26 November 2019: Climate Action Network today organised an online press briefing to set expectations for COP25 and unpack some of the main issues that will be high on the agenda of this COP in Madrid, Spain, from 2-13 December. This includes addressing the issue of finance for loss and damage under the review of the Warsaw International mechanism and ironing out the rules related to the carbon market mechanisms, an outstanding issue on the Paris Agreement Rulebook from last year.

Representatives from civil society were unequivocal in their demand that governments use this COP to build political momentum towards stronger climate targets in 2020, deliver on financial support for the most vulnerable and more specifically ensure that a funding facility is operational under the Warsaw International Mechanism for climate-related loss and damage. As deadly impacts escalate and all signs point towards unabated and rising greenhouse gas emissions as evident in the UN Emissions Gap Report released today, the pressure is high on governments to take radical action to avert climate catastrophe.

The UN climate talks, now moved to Madrid, Spain from Santiago de Chile owing to civil unrest in Chile and growing concerns on human rights violations there, will be a key moment for countries to demonstrate their willingness to heed the demands of people and act on the weight of the scientific evidence. Climate Action Network calls on all countries - led by the major emitters- to submit ambitious near-term climate targets early next year that match the scale of the climate crisis the world is facing.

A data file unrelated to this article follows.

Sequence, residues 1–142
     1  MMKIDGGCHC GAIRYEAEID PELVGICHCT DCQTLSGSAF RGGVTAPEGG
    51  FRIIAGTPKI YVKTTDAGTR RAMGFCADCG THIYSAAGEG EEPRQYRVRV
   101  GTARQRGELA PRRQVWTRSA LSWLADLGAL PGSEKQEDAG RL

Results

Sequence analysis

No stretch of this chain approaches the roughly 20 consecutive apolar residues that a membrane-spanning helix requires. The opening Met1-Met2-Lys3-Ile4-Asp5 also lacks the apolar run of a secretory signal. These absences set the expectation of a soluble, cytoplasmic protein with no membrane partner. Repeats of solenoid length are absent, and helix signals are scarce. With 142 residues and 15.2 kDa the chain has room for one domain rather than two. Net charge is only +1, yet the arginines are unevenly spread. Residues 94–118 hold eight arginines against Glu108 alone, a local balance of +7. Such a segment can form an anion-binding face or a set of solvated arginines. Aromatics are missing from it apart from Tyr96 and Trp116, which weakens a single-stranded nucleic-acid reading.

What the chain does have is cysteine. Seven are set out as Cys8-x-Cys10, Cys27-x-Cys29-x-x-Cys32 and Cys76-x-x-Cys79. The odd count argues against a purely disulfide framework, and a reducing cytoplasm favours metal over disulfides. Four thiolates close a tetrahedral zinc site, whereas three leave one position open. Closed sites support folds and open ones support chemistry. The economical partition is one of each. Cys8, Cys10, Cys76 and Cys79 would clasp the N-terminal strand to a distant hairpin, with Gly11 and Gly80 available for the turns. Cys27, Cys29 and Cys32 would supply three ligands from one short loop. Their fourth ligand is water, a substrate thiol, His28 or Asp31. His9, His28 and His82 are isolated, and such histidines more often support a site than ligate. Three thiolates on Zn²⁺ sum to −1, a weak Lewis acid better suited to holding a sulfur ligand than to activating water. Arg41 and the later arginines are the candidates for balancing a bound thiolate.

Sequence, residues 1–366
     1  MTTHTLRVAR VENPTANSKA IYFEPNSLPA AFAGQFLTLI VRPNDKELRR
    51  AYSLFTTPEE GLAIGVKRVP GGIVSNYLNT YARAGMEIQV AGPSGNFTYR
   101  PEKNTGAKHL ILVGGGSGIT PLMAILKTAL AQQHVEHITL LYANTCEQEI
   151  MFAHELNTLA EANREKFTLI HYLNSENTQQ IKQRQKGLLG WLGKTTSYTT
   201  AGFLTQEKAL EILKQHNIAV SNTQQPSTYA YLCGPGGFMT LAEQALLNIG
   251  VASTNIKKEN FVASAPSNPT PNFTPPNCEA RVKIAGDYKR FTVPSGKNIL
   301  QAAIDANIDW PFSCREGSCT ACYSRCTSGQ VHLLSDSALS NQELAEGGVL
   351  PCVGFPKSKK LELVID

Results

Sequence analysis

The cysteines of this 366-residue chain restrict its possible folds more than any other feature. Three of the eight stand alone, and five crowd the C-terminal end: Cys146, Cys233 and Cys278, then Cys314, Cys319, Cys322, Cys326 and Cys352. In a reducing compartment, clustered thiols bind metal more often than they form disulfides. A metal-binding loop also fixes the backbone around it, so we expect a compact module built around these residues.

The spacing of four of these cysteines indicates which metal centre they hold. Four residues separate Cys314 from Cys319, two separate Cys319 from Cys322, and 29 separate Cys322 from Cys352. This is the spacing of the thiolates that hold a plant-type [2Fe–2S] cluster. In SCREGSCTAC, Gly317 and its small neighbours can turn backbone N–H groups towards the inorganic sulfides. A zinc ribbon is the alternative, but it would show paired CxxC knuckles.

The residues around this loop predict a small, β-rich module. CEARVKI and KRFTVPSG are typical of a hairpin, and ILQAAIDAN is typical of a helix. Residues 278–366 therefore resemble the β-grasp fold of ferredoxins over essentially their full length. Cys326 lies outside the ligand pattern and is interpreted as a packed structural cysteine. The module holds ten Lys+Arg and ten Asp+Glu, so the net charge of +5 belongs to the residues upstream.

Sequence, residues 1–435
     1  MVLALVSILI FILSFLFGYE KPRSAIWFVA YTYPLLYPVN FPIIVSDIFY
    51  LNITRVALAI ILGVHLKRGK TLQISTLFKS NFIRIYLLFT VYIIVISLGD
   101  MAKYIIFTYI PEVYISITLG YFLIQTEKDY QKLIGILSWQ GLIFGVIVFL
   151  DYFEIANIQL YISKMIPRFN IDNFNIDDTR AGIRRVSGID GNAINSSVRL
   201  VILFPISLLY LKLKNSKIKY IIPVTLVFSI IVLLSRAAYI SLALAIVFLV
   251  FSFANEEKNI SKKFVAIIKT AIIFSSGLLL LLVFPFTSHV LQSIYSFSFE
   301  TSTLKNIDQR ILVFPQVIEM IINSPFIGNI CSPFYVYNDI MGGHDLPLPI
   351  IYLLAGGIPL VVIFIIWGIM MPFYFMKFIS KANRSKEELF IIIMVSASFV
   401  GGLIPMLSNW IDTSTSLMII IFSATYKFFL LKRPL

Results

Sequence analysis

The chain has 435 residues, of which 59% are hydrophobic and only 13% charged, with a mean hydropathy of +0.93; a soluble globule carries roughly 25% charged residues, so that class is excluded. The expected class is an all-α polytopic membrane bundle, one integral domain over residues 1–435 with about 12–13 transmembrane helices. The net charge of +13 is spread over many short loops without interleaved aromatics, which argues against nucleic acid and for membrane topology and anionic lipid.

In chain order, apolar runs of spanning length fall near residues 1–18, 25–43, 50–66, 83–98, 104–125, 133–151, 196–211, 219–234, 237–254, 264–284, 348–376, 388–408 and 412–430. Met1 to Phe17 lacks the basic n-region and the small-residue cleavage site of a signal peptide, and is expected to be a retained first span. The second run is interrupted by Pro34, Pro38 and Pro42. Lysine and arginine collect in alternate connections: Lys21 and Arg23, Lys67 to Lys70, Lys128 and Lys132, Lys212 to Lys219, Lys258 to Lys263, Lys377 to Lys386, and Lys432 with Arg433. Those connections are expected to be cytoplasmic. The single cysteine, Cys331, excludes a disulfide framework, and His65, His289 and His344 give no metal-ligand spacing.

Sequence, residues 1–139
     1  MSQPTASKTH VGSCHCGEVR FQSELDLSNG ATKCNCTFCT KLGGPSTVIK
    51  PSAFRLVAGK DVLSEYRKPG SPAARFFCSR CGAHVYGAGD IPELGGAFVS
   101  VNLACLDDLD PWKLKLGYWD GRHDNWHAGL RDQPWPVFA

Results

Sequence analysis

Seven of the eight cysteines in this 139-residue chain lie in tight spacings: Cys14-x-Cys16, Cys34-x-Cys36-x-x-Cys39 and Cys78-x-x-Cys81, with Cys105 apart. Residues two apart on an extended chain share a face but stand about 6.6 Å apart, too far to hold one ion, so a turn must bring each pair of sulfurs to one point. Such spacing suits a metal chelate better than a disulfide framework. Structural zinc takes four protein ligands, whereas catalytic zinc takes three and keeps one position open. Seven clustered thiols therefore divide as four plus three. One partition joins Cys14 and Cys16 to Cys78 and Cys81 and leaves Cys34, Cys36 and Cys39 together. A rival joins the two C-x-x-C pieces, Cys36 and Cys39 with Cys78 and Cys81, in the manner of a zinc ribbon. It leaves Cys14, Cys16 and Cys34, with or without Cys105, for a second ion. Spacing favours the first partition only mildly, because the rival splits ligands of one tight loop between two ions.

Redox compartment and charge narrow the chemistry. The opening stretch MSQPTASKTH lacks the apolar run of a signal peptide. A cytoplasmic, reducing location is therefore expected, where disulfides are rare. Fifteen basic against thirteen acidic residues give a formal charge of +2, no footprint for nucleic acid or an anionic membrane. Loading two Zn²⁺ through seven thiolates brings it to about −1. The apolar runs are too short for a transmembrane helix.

Comments from CAN members:

Alden Meyer, Director of Strategy and Policy, Union of Concerned Scientists
“The climate emergency is now upon us, as countries around the world experience torrential floods, out-of-control wildfires, powerful storms, heatwaves and other climate-related extreme events. Some countries, states, cities and companies are responding with the urgency required, but the world’s largest emitting countries are missing in action.”

“For several years, we’ve been warning that we are running out of time. But it is clear that now is the time to radically change the path we’re on. The latest United Nations emissions gap report shows that global emissions continue to rise and will need to be cut at a rate of 7.6 percent each year for the next decade to limit global warming to 1.5 degrees Celsius, in line with the Paris Agreement.